And, I don't see how I got any "talking points" when I haven't even been paying attention to politics outside of checking Drudge each day, despairing over Obama's handling of the BP oil spill, and following the Gore sex scandal (I always love a political sex scandal). I noticed Weigel playing spin games with the Congressman who committed an assault and battery, simply because I found the YouTube funny and Drudge covered Weigel's response.

So I took notice when he got hit with this JournoList scandal shortly thereafter, also covered by Drudge (looks like a conservative site is influencing me more than any other...). When that happened, I read a piece on Big Journalism - Breitbart's blog - and noticed a dude saying he was on listservs just like JournoList and thus he has sympathy for Weigel. It seemed a lot of conservative bloggers had sympathy for Weigel, maybe because they are all on listservs like JournoList and are up to the same things the leftist bloggers are up to, I dunno....

My next stop in the blogosphere was the Althouse thread on the subject, and I posted about that. I got no talking points from anyone. I hadn't seen anyone bring up that "talking point" until today, when Ezra Klein posted about the listserv Dan Riehl is on.

BTW, Ezra Klein tweeted to Breitbart: "Would @andrewbreitbart like to partner with me in a bid for this off-the-record conservative e-mail list's archives?"

Lastly, my interest in all this is that I'd like the lid blown off of all these political bloggers, left and right, and to see the worst of them knocked off their perches. The Breitbart-InstaPundit-Althouse axis, it seems, is motivated by partisanship (and, in Althouse's case, personal grudges).

LoafingOaf said...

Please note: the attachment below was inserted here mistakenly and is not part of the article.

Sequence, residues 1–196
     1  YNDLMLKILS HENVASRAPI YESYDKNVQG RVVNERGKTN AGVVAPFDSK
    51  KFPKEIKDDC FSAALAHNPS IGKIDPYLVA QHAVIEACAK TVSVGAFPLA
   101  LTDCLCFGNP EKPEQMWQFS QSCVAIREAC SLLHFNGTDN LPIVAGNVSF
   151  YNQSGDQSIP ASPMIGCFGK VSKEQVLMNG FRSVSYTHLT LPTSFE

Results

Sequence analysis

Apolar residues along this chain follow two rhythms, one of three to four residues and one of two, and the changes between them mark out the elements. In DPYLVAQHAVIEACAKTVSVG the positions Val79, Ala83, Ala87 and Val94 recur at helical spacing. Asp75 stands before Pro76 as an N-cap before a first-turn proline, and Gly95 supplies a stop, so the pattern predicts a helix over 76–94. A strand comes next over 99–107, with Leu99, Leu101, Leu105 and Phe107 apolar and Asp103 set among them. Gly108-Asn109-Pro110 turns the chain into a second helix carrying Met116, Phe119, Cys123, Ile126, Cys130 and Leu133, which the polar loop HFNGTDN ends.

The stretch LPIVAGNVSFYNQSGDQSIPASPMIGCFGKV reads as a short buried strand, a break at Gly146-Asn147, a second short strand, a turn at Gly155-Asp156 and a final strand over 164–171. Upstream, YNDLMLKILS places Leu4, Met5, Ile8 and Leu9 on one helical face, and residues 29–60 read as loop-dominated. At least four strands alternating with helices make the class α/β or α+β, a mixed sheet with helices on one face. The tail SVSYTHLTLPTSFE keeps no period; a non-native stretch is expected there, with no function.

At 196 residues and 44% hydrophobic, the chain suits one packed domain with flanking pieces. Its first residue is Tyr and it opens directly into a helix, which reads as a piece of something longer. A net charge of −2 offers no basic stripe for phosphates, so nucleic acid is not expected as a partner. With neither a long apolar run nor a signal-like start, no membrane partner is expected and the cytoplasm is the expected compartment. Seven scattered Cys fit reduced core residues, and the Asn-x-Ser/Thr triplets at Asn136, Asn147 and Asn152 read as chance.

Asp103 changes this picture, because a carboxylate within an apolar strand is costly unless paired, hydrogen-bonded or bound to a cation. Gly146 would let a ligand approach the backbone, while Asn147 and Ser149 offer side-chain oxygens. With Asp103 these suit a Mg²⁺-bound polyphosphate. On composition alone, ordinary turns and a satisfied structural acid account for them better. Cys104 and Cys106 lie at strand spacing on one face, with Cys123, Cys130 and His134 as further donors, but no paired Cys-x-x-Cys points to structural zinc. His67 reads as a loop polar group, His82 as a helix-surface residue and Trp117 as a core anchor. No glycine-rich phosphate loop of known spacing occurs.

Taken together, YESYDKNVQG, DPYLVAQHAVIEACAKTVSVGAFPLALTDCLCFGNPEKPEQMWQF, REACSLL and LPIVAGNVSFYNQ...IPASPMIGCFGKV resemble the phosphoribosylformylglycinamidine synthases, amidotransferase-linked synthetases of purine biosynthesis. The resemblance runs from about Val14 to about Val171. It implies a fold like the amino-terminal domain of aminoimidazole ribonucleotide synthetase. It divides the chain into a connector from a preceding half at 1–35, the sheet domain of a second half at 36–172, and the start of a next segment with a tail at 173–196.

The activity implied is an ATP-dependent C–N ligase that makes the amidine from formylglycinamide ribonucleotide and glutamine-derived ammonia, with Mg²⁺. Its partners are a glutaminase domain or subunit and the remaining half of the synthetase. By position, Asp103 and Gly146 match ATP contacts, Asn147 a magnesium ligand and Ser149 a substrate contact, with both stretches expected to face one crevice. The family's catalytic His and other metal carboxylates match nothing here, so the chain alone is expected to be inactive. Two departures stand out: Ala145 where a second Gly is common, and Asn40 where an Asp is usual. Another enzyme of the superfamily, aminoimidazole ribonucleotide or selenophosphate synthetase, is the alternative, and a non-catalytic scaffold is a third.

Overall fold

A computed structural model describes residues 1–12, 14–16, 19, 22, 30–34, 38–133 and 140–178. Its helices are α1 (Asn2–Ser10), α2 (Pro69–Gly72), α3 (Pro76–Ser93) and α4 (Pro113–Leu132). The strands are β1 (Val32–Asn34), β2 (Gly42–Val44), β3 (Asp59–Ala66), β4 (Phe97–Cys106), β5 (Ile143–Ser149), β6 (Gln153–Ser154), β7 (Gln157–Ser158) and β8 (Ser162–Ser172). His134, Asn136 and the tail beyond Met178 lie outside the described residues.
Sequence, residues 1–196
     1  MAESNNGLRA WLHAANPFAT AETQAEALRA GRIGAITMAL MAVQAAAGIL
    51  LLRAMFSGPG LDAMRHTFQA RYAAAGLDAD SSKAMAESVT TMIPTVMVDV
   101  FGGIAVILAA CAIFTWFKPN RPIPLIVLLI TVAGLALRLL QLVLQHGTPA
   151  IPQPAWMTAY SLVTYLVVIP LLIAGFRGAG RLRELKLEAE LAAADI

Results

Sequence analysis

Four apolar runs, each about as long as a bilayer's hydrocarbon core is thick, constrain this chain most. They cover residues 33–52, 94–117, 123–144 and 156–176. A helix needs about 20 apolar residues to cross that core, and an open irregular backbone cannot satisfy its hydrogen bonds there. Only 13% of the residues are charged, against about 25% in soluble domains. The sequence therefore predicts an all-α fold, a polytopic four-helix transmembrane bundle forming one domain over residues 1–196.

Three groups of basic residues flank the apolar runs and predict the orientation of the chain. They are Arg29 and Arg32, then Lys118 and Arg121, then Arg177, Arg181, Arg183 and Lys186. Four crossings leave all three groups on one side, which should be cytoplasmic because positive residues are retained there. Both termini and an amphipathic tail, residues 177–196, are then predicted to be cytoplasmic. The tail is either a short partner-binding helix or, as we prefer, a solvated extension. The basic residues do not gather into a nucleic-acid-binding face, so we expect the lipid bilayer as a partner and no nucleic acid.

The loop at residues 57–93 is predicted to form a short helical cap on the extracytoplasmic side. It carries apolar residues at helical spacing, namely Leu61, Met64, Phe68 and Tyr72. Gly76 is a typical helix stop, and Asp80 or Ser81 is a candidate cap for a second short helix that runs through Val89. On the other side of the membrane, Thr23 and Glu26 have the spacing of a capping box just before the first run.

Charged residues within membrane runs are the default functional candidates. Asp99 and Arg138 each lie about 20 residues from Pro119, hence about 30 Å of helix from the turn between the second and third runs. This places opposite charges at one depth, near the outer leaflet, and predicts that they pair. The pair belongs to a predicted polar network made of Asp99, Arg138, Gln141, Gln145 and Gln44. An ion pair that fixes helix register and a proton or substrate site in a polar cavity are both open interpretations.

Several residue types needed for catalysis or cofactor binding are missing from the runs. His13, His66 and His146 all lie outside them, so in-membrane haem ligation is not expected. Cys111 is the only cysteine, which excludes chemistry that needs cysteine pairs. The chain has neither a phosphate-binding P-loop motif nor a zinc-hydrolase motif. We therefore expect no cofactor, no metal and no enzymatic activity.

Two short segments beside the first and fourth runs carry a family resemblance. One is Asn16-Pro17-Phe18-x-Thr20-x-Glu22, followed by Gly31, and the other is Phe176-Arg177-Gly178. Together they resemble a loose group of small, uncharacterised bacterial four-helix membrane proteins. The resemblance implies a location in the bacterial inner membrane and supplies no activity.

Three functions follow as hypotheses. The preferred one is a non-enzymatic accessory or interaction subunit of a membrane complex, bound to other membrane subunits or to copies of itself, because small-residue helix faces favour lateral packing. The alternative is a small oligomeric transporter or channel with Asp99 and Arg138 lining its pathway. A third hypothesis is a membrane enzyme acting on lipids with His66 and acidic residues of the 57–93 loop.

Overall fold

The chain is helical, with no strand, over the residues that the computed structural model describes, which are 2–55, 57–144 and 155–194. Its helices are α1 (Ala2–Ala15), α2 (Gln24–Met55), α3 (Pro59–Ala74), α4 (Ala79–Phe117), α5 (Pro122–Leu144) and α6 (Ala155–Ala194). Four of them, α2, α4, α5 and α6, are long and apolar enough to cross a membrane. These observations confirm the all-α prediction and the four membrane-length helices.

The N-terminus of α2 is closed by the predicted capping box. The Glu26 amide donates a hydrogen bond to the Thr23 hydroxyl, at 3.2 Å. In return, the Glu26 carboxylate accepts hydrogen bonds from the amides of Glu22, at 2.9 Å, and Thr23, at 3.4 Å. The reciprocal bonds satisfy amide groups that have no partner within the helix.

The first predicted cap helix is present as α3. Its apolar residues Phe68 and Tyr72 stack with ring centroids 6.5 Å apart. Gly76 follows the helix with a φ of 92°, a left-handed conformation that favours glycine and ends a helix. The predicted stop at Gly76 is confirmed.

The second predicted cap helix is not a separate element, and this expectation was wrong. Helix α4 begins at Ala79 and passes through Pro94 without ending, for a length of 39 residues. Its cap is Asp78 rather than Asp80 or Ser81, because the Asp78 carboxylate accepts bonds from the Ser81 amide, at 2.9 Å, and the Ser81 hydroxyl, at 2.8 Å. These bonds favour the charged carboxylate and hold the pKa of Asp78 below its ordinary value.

Oh, and I guess you're right that I started being more hostile around here earlier than I stated. I think it probably started when Althouse was being so unfair to Obama on his statements on foreign policy to Pakistan during a Democratic Party debate, trying to make him out as a nitwit on foreign policy compared to Hillary Clinton. But then not noticing that the Bush administration started adopting Obama's recommendations for Pakistan after Bush's own policy was declared a total failure by his own White house assessment.

And, when Althouse went completely in the tank for Sarah "Drill Baby Drill" Palin. I see what "drill baby drill" has done to the Gulf of Mexico. Horrendous.

And, the way Althouse keeps trying to push this instaPundit talking point that everyone in America misses George W. Bush, when actually we're struggling to get out of the mess he left. It's not a talking point that he left a massive mess; it's just objective fact.

Anonymous said...

I love that Obama and his lame, sorry apologists s are still blaming Bush in 2010, two years after Bush left office.

Was Bush blaming Clinton for merely lobbing a few bombs in the general direction of a terrorist organization that blew up the World Trade Center once already and destroyed two U.S. embassies (among much else)? How would you feel if Bush had?

And, also, if you'll just take the blinders off for a jiffy, don't you think it's stupid to blame the guy two years out from an electoral point of view?